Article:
With the success of this years London Marathon behind us, we have 3 reports sent in from club athletes who took part.
Following this year’s race, club member, David Daniels, had enough energy remaining to send in this report.
After completing the 2011 London Marathon in a PB 2h 50m 01s, convinced I had ran the race of my life, I vowed never to do it again. But then two things persuaded me otherwise. Firstly, the rumour – falsely as it turned out – the 2012 London Marathon would follow the same route as the 2012 Olympic Marathon, and secondly, people would always go on about THAT 1 second and I had to dip under 2h 50m in order to quieten them.
The build-up to the race was nothing short of abysmal, with some training weeks consisting of nothing but a long run on a Sunday. And in total, I must have completed 30% of the scheduled training programme. But on the plus, at least I would have fresh legs for the race.
Conditions on the day were absolutely perfect for running, with the slight, chilling breeze soon forgotten as the race got underway. And like scenes from the Tour De France, hordes of spectators were standing on the road, giving way at the last possible moment as the runners streamed past. The atmosphere was unbelievable from the 1st mile to the last, and for those retailers selling klaxons, whistles, cow-bells and the like, they must have made an absolute bomb prior to the event. And how could I forget the countless steel drum bands dotted around the course. If that style of music isn’t to your taste, then I suggest you give this race a wide berth.
As I mentioned earlier, training leading up to the race had been poor, and I went into the event with a dilemma. Should I play it safe, and go for a time of 3.05 – 3.15, or simply go for it and live with the consequences. Listening to words of advice from various people, and not wanting to have any regrets following the race, I made the decision to give it 100% and aim for sub 2h 50m. Surprisingly, by the time I reached the half-way point I was still on target, but then at Mile 14 the first minor hiccup of the race, struggling for all my worth to open a damn carbo-gel ,whilst carrying a bottle of water and still trying to maintain my race pace. Alas, the pace lost out and from that point on, my 5k split times got steadily slower.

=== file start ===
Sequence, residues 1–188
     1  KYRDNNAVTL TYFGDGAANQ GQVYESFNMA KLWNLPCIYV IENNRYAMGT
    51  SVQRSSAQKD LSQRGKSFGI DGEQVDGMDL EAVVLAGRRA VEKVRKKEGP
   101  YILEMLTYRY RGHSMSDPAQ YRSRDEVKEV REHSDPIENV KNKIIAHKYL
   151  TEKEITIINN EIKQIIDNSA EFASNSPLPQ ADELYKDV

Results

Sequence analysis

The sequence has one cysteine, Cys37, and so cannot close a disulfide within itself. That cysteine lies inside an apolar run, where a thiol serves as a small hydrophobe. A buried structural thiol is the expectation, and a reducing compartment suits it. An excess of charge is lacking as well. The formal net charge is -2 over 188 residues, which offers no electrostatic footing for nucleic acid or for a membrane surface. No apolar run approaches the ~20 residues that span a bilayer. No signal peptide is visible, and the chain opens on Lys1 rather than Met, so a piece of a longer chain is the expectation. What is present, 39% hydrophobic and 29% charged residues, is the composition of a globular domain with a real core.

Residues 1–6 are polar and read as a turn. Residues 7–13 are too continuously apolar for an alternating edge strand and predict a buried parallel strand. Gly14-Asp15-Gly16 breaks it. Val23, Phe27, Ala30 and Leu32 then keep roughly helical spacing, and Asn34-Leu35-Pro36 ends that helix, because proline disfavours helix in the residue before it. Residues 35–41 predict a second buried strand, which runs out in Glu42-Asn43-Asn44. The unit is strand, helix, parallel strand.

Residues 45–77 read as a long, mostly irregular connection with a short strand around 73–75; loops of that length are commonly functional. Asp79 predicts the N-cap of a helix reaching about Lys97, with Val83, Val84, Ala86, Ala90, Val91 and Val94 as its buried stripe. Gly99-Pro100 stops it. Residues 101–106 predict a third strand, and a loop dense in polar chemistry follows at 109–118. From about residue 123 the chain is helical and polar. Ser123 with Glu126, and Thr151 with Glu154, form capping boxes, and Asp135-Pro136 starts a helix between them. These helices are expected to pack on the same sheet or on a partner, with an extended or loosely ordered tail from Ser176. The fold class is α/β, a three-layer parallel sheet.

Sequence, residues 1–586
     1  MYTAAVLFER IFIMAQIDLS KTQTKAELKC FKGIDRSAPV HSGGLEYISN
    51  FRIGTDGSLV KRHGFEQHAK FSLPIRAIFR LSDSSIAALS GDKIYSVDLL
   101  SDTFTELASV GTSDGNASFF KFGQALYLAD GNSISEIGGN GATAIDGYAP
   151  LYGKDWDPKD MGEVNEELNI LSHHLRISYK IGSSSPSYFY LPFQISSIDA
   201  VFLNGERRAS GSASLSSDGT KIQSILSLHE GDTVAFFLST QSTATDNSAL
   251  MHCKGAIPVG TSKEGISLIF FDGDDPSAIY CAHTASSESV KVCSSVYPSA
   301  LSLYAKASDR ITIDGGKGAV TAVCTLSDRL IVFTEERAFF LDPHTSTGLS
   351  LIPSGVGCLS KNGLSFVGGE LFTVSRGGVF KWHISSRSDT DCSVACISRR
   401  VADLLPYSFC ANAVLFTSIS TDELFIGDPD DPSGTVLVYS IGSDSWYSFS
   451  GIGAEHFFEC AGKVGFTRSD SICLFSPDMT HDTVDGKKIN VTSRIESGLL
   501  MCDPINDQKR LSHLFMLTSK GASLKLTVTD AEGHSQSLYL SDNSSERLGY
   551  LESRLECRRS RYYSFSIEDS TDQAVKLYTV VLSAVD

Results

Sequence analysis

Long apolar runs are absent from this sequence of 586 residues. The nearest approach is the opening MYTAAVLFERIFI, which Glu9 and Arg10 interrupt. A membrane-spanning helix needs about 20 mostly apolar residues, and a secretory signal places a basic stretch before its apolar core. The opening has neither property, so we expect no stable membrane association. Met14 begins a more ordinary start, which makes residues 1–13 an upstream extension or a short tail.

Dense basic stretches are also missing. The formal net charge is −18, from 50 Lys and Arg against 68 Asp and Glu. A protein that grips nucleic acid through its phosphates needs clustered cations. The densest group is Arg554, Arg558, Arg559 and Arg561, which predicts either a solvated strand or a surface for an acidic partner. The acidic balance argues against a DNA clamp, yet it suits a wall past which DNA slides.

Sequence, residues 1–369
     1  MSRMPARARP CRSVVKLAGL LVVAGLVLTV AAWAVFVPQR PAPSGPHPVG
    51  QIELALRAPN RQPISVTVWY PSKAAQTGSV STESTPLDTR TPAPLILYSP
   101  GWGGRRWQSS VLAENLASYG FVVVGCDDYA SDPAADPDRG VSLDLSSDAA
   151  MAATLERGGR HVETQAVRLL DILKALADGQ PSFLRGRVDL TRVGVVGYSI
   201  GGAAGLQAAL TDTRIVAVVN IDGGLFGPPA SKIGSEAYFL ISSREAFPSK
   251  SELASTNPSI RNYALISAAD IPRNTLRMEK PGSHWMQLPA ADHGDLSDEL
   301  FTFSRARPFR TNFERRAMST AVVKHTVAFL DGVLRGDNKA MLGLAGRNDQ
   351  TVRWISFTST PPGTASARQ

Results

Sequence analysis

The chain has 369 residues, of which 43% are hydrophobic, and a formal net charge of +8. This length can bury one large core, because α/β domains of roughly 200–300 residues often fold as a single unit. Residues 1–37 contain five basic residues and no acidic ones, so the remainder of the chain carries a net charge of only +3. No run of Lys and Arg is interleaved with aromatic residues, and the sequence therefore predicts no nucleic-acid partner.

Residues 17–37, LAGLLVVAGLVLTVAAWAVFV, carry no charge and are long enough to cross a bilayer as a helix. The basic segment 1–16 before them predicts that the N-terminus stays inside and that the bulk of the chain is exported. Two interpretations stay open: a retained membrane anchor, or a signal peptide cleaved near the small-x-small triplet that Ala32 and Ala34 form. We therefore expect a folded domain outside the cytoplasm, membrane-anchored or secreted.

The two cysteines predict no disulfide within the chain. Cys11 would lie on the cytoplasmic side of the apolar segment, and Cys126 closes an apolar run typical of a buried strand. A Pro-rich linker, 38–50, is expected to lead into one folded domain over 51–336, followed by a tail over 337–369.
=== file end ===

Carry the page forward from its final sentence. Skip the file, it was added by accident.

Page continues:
Having learnt my lesson earlier, at the second gel station, at Mile 21, I decided to pull over to the side, open the sachet with my hands this time (instead of my teeth) and take on a few sips of water. Then it was off again, counting down the mile markers and trying to maintain a steady pace.
Mile 22 check.
Mile 23 check.
Reaching the 24th Mile marker I glanced at the race clock (2h 40m or thereabouts) and I quickly thought to myself, ‘could I get under 3 hours if I walked from here’, but then just as quickly, I pushed those negative thoughts aside and told myself, ‘No walking. It doesn’t matter how slow the pace is, just keep running’. And that’s what I did. For the first time out of my 10 marathons, I never once walked during the final stages, and looking back at my race data, even though it felt like I was walking at times, I was still averaging 7min mile pace.
Crossing the finishing line was a moment of sheer ecstasy. It never mattered that my time was slower than last year’s, for me, given the poor build-up and how I’d mentally fought the inner demons during the latter stages, THIS was the race of my life.
Will I do it again next year? Definitely not.